Physician assistants and nurse practitioners are hungry for relevant pharma support material, a recent survey indicates. Decision Resources’s “Taking the Pulse Nurses 2014,” found that the majority of NPs (79%) and PAs (69%) “provide or recommend patient support resources for patients.”

This presents an opportunity for industry, says Matthew Arnold, principal analyst for Manhattan Research, a company owned by Decision Resources. According to Arnold, “It was clear in these results that NPs and PAs are taking a key role for providing those patient resources from pharma.”

That prominent role is largely due to the surge of insured Americans following the implementation of the Affordable Care Act, Arnold pointed out. In this new healthcare landscape, NPs, PAs and RNs have all been pushed to the fore of primary care.

The results of the study—which involved a poll of 700 US nurses, NPs and PAs in second-quarter 2014—suggest this group is becoming more engaged with patients: 47% of PAs and 43% of NPs said the amount of time they’ve spent on patient education has increased over the past two years. That’s even as their EHR use increased from 2013 to 2014: PAs spend 4.4 hours per day on EHRs, and NPs spend the most time at 4.7 hours, vs. an average time for physicians of 2.8 hours per day.

And nurses aren’t just looking for any kind of education. Researchers detected a strong preference for digital resources among the study cohort.“We saw substantial demand for more pharma digital resources that nurses could share with patients,” noted Arnold.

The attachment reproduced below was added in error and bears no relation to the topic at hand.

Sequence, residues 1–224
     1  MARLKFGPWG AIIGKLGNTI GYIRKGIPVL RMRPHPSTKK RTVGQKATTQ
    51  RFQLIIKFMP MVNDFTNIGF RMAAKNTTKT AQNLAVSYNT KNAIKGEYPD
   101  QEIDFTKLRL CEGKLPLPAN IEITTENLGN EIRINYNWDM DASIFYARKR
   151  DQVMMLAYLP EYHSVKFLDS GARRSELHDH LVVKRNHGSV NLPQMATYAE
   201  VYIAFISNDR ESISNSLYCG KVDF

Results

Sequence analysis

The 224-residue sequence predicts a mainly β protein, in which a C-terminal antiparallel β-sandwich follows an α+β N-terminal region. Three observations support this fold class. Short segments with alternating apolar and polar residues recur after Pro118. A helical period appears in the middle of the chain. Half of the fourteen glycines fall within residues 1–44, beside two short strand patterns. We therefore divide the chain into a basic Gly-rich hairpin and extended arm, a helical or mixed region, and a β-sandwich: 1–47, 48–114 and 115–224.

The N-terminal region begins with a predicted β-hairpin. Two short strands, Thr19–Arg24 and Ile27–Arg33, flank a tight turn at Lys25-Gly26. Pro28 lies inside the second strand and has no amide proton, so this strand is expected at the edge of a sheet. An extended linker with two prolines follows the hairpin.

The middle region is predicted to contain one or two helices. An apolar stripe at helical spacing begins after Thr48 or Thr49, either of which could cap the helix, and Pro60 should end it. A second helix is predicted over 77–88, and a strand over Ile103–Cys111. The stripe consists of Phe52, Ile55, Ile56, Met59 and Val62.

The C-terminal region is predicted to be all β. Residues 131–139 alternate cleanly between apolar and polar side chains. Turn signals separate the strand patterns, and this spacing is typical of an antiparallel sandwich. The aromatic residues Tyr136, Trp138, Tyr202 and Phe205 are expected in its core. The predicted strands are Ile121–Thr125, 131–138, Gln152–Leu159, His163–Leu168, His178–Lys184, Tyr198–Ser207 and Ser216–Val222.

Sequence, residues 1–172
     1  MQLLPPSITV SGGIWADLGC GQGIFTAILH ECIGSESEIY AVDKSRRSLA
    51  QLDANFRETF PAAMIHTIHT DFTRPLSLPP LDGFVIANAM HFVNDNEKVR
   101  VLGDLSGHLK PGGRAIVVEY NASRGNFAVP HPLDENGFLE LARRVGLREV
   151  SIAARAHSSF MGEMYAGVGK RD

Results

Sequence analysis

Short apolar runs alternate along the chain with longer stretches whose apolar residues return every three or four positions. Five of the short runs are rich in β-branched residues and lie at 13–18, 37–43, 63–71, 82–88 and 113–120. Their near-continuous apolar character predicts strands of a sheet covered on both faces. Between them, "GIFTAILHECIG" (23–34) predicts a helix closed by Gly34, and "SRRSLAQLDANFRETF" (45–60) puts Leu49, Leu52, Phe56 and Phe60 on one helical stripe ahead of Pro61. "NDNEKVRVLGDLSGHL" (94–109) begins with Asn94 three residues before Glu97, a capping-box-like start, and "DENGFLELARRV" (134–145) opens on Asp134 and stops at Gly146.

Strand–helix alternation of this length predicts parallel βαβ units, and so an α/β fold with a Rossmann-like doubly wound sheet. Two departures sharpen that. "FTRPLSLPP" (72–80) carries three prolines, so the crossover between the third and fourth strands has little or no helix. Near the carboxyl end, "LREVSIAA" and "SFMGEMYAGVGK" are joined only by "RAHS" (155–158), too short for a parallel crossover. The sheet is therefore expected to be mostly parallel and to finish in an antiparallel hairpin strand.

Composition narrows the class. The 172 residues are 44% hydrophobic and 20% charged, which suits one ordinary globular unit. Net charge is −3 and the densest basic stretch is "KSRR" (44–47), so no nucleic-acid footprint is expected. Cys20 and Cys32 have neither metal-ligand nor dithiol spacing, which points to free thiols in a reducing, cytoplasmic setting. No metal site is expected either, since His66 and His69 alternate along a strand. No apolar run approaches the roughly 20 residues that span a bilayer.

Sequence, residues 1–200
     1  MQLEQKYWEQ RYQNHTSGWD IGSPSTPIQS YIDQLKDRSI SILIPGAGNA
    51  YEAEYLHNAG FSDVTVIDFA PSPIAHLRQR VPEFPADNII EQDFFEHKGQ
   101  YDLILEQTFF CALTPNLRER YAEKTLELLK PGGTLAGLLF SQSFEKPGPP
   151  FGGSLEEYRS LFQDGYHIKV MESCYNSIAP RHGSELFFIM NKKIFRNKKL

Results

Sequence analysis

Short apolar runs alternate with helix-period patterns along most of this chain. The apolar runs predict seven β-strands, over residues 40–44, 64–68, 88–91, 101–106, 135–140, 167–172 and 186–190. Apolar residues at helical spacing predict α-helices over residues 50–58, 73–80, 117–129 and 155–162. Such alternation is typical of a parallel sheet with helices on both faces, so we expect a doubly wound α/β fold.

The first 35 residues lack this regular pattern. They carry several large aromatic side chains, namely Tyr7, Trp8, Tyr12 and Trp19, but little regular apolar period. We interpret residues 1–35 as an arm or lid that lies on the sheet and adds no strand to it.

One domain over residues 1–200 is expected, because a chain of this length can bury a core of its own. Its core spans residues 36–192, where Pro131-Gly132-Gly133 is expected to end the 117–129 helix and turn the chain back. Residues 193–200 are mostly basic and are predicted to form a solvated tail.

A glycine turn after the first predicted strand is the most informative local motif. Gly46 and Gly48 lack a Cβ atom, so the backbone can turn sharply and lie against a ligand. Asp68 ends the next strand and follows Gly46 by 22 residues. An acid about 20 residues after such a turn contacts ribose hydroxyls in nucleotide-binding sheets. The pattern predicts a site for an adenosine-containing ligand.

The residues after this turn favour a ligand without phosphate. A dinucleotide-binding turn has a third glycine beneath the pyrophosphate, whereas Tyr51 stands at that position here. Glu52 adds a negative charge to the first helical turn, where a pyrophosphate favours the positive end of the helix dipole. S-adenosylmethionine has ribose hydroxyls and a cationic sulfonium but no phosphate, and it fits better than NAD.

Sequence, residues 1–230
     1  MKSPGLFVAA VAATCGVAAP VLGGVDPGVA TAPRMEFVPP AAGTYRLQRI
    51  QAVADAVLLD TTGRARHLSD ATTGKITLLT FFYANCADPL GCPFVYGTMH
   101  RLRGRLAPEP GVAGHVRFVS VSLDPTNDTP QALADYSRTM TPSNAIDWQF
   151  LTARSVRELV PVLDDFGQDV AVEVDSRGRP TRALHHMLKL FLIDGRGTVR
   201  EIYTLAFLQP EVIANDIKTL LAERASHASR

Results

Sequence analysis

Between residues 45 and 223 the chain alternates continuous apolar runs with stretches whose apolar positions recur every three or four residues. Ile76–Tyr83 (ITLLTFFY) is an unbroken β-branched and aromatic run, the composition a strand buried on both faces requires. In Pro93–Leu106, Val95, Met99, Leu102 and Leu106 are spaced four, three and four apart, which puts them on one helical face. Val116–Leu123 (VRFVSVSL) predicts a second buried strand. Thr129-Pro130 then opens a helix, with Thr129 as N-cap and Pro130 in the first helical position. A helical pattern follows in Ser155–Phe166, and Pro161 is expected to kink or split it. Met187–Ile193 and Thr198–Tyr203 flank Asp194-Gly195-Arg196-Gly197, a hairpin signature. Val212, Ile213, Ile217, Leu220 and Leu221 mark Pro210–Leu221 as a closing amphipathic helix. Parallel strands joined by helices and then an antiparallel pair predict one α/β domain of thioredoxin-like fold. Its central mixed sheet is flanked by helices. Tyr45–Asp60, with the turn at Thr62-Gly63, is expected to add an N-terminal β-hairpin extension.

Nor is this prescribing segment simply looking for another “They’re interested in resources that are tailored to their specific profession, specialty and patient population,” said Arnold, adding that 42% of NPs indicated they would be “inclined to engage digital resources more often if they were tailored to patient populations of interest.”

What they want can best be summed up in one word: value. “We found that RNs, NPs and PAs rate pharma websites and pharma reps very low in terms of influence on clinical decision,” said Arnold. “It comes down to the value proposition; there’s tremendous demand among healthcare professionals for patient education and support resources that will help them in their practice, as HCPs are increasingly under pressure to produce better outcomes and adherence.”